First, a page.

Though slapped together at the last minute, Formula One’s 2020 season isn’t short on drama. And if you are here for the drama, the biggest newsmaker isn’t to be seen on the track. Instead, it is happening behind the scenes following the announcement of Honda withdrawing from Formula One at the end of the 2021 season.
” Once in 100 years period of transformation”
According to Honda, the decision was motivated by a realignment of priorities due to…you guessed it… “a once-in-one-hundred-years period of great transformation” in the automotive industry. Already the company is trying to “electrify two-thirds of its global automobile unit sales”. Adding to that, Honda wants to reallocate more of its resources towards the “realisation of carbon neutrality by 2050”.
Moving away from supplying Formula One engines, Honda will be focusing on future fuel cell and battery vehicle technologies. Earlier in the year the company has created a new division, called the Research Excellence, power Unit & Energy, which will also apply its lessons learnt from Formula One.
No reason to quit
This news comes as a shock to the sport as there seems to be little reason for Honda to withdraw. Currently, the Red Bull-Honda partnership is the only thing standing in the way of a Hamilton-Mercedes clean sweep. More perplexing is that Honda would be quitting just as the sport’s new budget caps will come into full effect.
Furthermore, it isn’t as though Red Bull Racing and Scuderia AlphaTauri’s performances have been disappointing as of late. As far as the 2020 season is concerned its engines are considered the second-best on the grid. And it is the only V6 Hybrid engine supplier to have won with two different teams on top of that.
In addition to that, it isn’t as though Honda is dialling back on its other motorsports ventures. The company’s engine supply deal for IndyCar is still ongoing. So too are its commitments to the TCR series. And it is all hands-on deck in MotoGP.
Even with all its resurgent form in Formula One, Honda is far from fulfilling its championship ambitions. And for many, that is where the rubber hits the road. As it stands, no other team has come close to threatening the Mercedes-AMG F1 outfit’s dominance.
Even when the competition gets close, Mercedes just goes into overdrive and readjusts the goalposts. The significant performance advantage that Mercedes enjoys makes Honda’s trophy tally look more to be the result of Max Verstappen superhuman ability than the raw performance of its engines.
The struggle for relevancy
It goes without saying that Honda’s coming departure has left Red Bull Racing and AlphaTauri in a spot. The question on everybody’s mind is to whom the two teams will turn to for an engine supply deal. And this conundrum reveals more vulnerabilities with Formula One than it does with Honda or Red Bull itself.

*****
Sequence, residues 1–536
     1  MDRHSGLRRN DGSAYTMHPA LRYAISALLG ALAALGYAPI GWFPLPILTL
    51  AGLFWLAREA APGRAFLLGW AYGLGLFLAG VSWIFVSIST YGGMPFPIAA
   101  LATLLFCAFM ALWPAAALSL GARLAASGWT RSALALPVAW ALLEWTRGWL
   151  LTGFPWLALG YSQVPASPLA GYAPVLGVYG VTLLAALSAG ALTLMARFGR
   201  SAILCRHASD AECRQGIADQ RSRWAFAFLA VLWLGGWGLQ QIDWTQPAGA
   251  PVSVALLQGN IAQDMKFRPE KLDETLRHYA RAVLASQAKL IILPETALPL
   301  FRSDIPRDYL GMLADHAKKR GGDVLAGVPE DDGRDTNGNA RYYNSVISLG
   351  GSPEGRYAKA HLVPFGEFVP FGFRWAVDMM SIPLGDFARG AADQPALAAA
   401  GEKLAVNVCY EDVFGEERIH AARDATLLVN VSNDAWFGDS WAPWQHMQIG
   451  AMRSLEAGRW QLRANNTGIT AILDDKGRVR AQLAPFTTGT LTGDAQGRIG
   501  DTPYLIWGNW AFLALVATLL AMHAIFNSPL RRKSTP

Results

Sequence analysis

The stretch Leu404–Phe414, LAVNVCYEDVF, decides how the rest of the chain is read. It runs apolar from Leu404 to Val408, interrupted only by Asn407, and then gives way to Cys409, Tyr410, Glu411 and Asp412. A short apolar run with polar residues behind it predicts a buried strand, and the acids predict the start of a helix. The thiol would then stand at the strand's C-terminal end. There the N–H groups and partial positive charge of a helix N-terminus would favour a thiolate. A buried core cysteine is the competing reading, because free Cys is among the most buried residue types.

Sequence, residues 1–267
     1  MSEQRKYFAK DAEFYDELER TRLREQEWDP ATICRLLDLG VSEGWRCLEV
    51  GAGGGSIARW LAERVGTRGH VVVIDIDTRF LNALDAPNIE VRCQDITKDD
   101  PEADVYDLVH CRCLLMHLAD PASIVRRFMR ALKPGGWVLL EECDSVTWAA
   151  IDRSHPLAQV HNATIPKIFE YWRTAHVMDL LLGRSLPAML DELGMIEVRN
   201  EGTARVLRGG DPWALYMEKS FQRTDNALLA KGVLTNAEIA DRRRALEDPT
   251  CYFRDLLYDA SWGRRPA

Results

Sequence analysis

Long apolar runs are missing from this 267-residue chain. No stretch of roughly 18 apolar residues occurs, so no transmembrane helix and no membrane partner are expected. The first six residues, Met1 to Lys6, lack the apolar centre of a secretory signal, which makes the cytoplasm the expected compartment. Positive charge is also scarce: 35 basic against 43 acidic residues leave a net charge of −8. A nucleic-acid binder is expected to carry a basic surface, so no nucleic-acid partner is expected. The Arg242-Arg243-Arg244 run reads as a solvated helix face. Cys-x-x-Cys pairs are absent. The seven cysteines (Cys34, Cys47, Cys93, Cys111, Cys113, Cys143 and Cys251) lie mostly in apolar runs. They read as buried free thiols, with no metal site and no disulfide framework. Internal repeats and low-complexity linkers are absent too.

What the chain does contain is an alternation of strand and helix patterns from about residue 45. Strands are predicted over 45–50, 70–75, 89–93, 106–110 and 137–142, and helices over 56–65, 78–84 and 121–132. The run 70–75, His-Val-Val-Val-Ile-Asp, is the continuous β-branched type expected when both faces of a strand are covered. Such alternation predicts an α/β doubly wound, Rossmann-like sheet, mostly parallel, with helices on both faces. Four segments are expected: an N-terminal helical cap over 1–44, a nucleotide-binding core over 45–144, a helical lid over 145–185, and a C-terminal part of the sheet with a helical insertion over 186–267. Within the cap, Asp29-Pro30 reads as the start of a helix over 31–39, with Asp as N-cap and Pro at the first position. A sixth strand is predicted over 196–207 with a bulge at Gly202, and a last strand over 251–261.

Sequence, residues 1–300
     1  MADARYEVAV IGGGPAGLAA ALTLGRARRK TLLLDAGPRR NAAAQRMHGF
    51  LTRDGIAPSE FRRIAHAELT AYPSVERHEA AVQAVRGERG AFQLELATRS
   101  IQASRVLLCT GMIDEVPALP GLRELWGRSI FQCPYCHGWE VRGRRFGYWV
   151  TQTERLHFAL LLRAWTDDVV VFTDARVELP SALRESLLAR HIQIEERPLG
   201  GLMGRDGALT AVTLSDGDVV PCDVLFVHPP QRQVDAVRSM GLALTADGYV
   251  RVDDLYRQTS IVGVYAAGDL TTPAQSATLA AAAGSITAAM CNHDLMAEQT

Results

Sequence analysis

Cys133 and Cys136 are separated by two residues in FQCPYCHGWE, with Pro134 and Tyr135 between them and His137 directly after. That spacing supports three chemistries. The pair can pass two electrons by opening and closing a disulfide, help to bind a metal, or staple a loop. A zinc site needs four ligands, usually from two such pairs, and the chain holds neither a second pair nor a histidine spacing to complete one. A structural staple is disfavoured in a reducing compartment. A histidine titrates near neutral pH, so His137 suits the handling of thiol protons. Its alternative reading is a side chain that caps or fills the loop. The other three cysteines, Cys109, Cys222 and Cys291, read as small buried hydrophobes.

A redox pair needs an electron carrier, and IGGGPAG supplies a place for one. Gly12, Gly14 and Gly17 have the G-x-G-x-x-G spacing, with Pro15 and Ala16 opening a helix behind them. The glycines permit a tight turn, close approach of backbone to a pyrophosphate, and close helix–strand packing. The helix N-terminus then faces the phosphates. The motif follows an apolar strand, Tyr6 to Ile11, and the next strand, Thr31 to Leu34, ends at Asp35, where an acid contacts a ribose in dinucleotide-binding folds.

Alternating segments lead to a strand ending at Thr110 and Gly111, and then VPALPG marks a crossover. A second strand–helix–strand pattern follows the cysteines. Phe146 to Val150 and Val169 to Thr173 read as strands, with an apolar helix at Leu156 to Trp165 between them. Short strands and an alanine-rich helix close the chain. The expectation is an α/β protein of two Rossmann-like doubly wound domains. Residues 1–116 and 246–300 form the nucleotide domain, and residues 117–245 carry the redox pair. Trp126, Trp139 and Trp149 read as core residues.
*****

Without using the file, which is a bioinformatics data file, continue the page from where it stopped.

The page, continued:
The problem Formula One faces has much to do with “relevancy”. Spurred on by declining viewership during the dominance of the Schumacher-Ferrari era of 2000-2004 Formula One’s organisers has been on a mostly futile attempt to make the sport relevant for manufacturers to justify its million-dollar annual spend.
This, of course, led to the adoption of downsized engines and complicated Turbo V6 Hybrid power units. All of which hasn’t done much to make the sport more “relevant” to both viewers and manufacturers. Instead, it had done quite the opposite.
When the blown V-sixes first appeared in 2014, many fans were critical of the turbochargers sapping the engine’s thunder. On the manufacturer’s side, budgets for developing the hybrid systems shot skywards. Only for all of it to be rendered moot as Mercedes-AMG emerged with a package that dominated like no other team in the sport’s history.
Six seasons on and nobody seems to be anywhere close to the performance of the Mercedes-AMG engines from Brixworth. This has created many unhappy paymasters in the manufacturer leagues. Honda being one of them, as it continues to reap huge tangible monetary rewards and intangible brand-building opportunities from its IndyCar, TCR, and MotoGP successes.
Down to three
Honda’s departure will also leave a huge question mark on Red Bull Racing’s prospects. With only three engine suppliers on the Formula One grid from 2022. That sounds like no big deal. The turbo hybrid era did begin with three suppliers – Mercedes, Ferrari, and Renault – after all.
Trouble is, back then Renault wasn’t a works team as it is now. This makes any engine supply deal to potential championship-contending teams a jarring conflict of interest.
Renault, which will be racing as the Alpine F1 Team for 2021, will not want Red Bull Racing interfering with its championship chances. Especially after the two parted ways acrimoniously in 2018 and Red Bull still being a force to be reckoned with.
In the end, that decision might not be up to Renault. Regulations stipulate that an engine supplier with the fewest teams must provide an engine deal for a team in need.